“What I Wish My Parents Had Known . . . ”
With the benefit of hindsight, ADDitude readers remember misunderstood behaviors, missed opportunities, and overlooked symptoms of ADHD, as they reflect on what they wish their parents had known about their neurodiversity when they were growing up.
For many adults, receiving an ADHD diagnosis can be game-changing, causing them to understand themselves — their behaviors, challenges, strengths, and past experiences — in an entirely new light. Here, our readers cast back to their childhoods, remembering everything from overlooked symptoms of ADHD to misunderstood behaviors, as they reflect on what they wish their parents had known.
Hindsight’s 20/20, and the insights gleaned serve as helpful guidance for parents raising a new generation of kids with ADHD. If there’s something you wish your parents had known when you were growing up, share it in the Comments section below.
“No matter how hard I tried, I was too loud, too impulsive, too distracted, and too much trouble. I wish my parents had known that I couldn’t help it.” — An ADDitude Reader
“I wish they had known about ADHD and impulsivity. They would have been better equipped to talk with me about what can possibly happen when you make impulsive decisions and offer guidance instead of shaming and grounding me.” — An ADDitude Reader
“How all-encompassing ADHD is. They thought of it only as an inability to focus on school, or as forgetfulness, but it affects every aspect of my life.” — MM, Oregon
“I wish my parents had known that rejection sensitivity is very common with ADHD. I struggled socially my entire childhood, and it felt like I kept getting set up to fail. I always felt left out or behind.” — An ADDitude Reader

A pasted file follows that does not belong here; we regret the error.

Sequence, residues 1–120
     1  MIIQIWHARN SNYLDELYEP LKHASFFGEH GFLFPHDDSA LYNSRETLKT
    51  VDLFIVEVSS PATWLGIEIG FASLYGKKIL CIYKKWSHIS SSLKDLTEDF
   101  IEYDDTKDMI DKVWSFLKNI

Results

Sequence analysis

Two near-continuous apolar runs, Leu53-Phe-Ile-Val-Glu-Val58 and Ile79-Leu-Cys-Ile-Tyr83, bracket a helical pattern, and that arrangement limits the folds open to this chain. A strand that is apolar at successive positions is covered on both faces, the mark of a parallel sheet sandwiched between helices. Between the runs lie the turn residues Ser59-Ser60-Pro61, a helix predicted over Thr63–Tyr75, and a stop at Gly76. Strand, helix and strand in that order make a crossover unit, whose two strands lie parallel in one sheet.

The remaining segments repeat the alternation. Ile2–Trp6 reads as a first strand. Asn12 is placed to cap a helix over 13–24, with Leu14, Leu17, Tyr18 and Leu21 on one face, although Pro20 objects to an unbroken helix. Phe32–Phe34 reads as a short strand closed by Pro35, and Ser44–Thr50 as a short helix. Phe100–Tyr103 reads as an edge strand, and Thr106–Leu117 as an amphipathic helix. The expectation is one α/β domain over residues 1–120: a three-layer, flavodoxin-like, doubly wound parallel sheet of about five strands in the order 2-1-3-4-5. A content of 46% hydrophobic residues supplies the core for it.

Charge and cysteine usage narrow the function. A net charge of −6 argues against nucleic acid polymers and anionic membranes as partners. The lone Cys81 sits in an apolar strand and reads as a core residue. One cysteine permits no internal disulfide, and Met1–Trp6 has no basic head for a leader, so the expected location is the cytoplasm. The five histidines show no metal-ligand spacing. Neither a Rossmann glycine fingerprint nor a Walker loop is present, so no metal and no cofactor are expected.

“I wish my parents knew that kids with good grades could have ADHD. Also, that girls could have it. My school years would have been much less stressful.” — Kami, North Carolina
“That my ‘messy’ room made perfect sense to me because anything put away in drawers and closets seemed to completely stop existing for me. That all I wanted was for them to accept me for who I am and to love and understand me without the added ‘but…’” — An ADDitude Reader
“My parents didn’t even consider the possibility that I had ADHD because I was nothing like my younger brother. So, I wish my parents knew that ADHD in girls can present very differently and is easily missed.” — Rachel, Michigan
“My parents always had control of the situation, so I just went with the flow — of plans, directions, anything I was told or expected to do. Now I wish they could have taught me how to make my own plans, how to stick to them, how to set up for future events, and how to keep a sense of time.”— Emily, South Dakota
“Putting a child on medication should not be seen as a failure but an opportunity. I wish the ADHD parts of me were embraced and celebrated rather than condemned.” — Amy, Canada
“I wish she [my mother] had known that she probably had ADHD, too, and that it affects every aspect of life.” — Jecca, Utah
“Help your children forge relationships with mentors and study groups because, underneath their insecurities, they are smart and capable. Try not to write them off. Guide them into areas you see they will thrive.”— An ADDitude Reader
“Never call your child lazy, stupid, fickle, a party girl (or boy), irresponsible, or any other negatives. It only lowers our already low self-esteem. Warmth and affection are as necessary to us as oxygen and should be lavishly bestowed.” — Sherri, Florida
Signs of ADHD: Next Steps
- Read: ADHD Signs Hidden in Plain Sight: Overlooked Symptoms
- Download: You Know You Have ADHD When . . .
- Watch: How ADHD Symptoms Change The Way You Feel and Think
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